But where "Pinocchio" promises viewers that wishes like Geppetto's can — and do — come true, "Alice in Wonderland" instead feels more like a lesson to be content ... or you might wind up with a pack of angry playing cards chasing you down. Of course, there are other lessons to learn, too, about class divisions and forced labor, if you're willing to do the work and sift through all the psychedelic madness.


From the minds of Jim Henson, George Lucas, and Monty Python's Terry Jones, "Labyrinth" is a fantasy that blends live-action content with some pretty great puppets. The plot follows Sarah, an exasperated teen who resents her baby half-brother, Toby. Frustrated with the kid, she thoughtlessly wishes that goblins will take him away ... and to her guilt-ridden horror, that's exactly what happens.

Like Geppetto, Sarah is shocked when she witnesses the alluring but dangerous Jareth the Goblin King (who happens to looks a lot like David Bowie) steal Toby, although he agrees to return the infant if she can find the center of his labyrinth in 13 hours. Otherwise, Toby will be condemned to live as a goblin for eternity. Aided by a few puppet friends, Sarah navigates her way through the dark, dangerous maze and learns that Jareth — like many of the cruel and selfish adults Pinocchio meets — doesn't play fair. Ultimately, "Labyrinth" offers its audience a very "Pinocchio"-like message about youth in that it's wonderful but sometimes pretty scary, as Sarah must resist tricks and temptations for the sake of her little brother.

Kubo and the Two Strings

The wondrous and emotionally complex "Kubo and the Two Strings" has more than earned its status as one of the most beautiful stop-motion films ever made. And like Disney's live-action reimagining of "Pinocchio," where we see Geppetto as a grieving father who's lost his son, it starts on a poignant note.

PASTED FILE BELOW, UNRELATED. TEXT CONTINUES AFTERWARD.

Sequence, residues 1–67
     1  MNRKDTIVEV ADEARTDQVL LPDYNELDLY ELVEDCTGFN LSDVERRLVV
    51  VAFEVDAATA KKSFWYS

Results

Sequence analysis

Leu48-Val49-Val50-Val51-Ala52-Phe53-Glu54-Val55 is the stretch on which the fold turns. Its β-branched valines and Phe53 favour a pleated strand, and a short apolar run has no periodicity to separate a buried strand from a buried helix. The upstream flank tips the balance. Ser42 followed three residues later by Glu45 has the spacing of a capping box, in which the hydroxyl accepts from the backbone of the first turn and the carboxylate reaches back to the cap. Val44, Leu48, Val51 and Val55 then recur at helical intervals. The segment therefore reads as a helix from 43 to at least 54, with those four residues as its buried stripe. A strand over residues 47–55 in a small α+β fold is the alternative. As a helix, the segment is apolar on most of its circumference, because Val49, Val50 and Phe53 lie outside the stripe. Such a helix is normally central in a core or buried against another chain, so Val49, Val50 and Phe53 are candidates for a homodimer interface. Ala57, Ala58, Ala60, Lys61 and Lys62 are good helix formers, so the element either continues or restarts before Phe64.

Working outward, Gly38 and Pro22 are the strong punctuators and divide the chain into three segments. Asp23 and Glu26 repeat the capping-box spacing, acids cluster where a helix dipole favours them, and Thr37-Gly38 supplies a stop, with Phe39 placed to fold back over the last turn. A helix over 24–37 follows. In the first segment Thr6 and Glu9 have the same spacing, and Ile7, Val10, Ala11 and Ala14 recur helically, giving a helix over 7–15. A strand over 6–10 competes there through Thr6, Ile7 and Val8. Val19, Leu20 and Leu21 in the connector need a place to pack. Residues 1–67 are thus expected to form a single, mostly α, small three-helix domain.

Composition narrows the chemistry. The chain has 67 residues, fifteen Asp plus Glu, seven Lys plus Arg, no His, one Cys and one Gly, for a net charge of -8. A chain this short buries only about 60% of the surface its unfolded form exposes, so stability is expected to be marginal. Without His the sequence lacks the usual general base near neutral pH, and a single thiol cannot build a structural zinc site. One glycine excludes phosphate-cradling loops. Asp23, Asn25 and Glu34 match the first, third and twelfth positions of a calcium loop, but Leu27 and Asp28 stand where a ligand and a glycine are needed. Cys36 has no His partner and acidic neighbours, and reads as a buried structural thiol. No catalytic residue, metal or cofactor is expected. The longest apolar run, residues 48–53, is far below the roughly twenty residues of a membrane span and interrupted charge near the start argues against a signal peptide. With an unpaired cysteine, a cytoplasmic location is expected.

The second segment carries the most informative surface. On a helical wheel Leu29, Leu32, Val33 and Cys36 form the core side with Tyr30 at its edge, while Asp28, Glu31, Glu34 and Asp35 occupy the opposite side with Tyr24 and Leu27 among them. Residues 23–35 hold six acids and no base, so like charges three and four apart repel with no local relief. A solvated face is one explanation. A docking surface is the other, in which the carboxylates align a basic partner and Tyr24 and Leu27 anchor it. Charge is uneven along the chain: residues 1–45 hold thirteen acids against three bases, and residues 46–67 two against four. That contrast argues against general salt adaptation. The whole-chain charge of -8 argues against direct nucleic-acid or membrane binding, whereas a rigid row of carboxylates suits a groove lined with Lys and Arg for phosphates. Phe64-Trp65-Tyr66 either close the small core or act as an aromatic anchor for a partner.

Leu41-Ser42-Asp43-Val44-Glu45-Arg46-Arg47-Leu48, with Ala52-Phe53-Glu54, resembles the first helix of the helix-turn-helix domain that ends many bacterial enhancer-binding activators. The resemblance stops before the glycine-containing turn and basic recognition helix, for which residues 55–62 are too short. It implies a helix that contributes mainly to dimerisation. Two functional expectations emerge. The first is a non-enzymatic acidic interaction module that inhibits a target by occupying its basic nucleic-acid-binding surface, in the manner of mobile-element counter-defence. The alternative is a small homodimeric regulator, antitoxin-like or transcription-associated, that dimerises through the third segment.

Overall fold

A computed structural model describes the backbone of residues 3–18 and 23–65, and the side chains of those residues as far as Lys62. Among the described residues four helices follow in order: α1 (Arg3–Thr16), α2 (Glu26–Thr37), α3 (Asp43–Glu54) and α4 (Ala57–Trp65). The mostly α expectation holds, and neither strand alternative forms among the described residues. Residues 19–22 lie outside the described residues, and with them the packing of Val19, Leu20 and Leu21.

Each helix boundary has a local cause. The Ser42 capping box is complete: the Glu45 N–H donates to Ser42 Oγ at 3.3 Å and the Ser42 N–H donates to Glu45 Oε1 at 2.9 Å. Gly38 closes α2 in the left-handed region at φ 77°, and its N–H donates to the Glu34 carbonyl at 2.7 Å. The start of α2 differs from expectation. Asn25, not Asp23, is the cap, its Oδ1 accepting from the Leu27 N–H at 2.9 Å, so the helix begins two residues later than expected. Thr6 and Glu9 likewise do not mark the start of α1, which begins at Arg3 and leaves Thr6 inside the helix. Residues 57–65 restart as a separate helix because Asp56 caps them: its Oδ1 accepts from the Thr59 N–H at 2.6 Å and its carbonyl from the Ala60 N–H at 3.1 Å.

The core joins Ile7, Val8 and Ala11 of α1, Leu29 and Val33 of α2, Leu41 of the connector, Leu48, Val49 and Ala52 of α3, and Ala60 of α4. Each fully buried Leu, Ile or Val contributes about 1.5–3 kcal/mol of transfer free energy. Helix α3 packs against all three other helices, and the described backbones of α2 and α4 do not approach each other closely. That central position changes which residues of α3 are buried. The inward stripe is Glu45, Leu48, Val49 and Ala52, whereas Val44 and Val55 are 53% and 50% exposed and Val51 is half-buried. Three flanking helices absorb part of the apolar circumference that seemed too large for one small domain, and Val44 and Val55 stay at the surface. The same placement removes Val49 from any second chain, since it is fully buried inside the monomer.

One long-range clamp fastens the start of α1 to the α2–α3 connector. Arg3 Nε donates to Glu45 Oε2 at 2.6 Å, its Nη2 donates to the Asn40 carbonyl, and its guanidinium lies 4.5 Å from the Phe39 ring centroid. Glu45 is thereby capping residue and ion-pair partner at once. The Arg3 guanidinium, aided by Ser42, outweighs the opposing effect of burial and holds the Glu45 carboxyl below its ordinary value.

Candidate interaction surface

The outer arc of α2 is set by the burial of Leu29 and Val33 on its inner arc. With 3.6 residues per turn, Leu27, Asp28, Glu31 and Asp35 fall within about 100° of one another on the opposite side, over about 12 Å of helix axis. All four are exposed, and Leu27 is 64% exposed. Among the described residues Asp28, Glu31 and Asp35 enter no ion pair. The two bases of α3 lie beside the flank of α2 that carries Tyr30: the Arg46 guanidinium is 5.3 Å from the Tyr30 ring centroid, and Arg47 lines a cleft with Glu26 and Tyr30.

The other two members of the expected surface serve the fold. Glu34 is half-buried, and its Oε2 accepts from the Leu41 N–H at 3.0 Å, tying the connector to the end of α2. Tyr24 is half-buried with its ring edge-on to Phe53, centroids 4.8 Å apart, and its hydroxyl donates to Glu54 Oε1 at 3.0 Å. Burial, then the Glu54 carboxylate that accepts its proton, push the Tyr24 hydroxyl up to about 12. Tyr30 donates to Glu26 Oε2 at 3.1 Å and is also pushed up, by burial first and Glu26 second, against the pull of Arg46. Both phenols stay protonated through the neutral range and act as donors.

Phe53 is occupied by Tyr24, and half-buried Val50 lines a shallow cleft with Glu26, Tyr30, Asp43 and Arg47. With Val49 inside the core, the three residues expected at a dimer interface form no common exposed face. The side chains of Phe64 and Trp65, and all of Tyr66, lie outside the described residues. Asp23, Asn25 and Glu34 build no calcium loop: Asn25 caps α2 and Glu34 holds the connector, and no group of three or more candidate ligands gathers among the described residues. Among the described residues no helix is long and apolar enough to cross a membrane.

In feudal Japan, young, one-eyed Kubo uses his magical instrument to entertain the crowds, all while caring for his sickly mother. As for his samurai father, he's been missing for years, and Kubo doesn't know what happened to him. Unfortunately, Kubo does have a few other family members — evil, otherworldly relatives who want to steal his other eye. And when they find the poor kid, Kubo must set off to find his lost father's armor while accompanied by a wooden monkey come to life, an origami warrior, and a giant beetle samurai.

As Kate Muir of The Times put it, "'Kubo and the Two Strings' is a glorious flight of the imagination," with Alison Wilmore of Buzzfeed writing, "It's triumphant as well as terribly sad." If you're looking for a children's fantasy film filled with adventure, heartache, and imagination, then prepare to go on a grand journey with Kubo.

Song of the Sea

From the makers of "The Secret of Kells" and "Wolfwalkers" comes "Song of the Sea," a beautiful exploration of Irish mythology from filmmaker Tomm Moore. Boasting relatable characters, beautiful imagery, and a story that doesn't talk down to kids, this poignant but whimsical tale focuses on a family trying to heal after tragedy. 

Six years after a lighthouse keeper lost his wife to the sea, his family is still suffering. That's especially true for his embittered son, Ben, who considers his mute sister Saoirse to be the cause of his pain. But as Ben slowly learns, his sister is actually a selkie — a being that can transform into a seal. Unfortunately, she's growing sick without her selkie coat, and there's also an evil witch about, turning mythological creatures into stone, which leads our heroes into an adventure involving fairies, the ocean, and a powerful song. 

Like "Pinocchio," Cartoon Saloon's "Song of the Sea" is a visually captivating tale of childhood — one that's unafraid of looking at both the wondrous side of youth and the scarier side of growing up. And just like Pinocchio, Ben — who's found himself embroiled in a desperate race to save his dying sister — must learn to be brave and unselfish.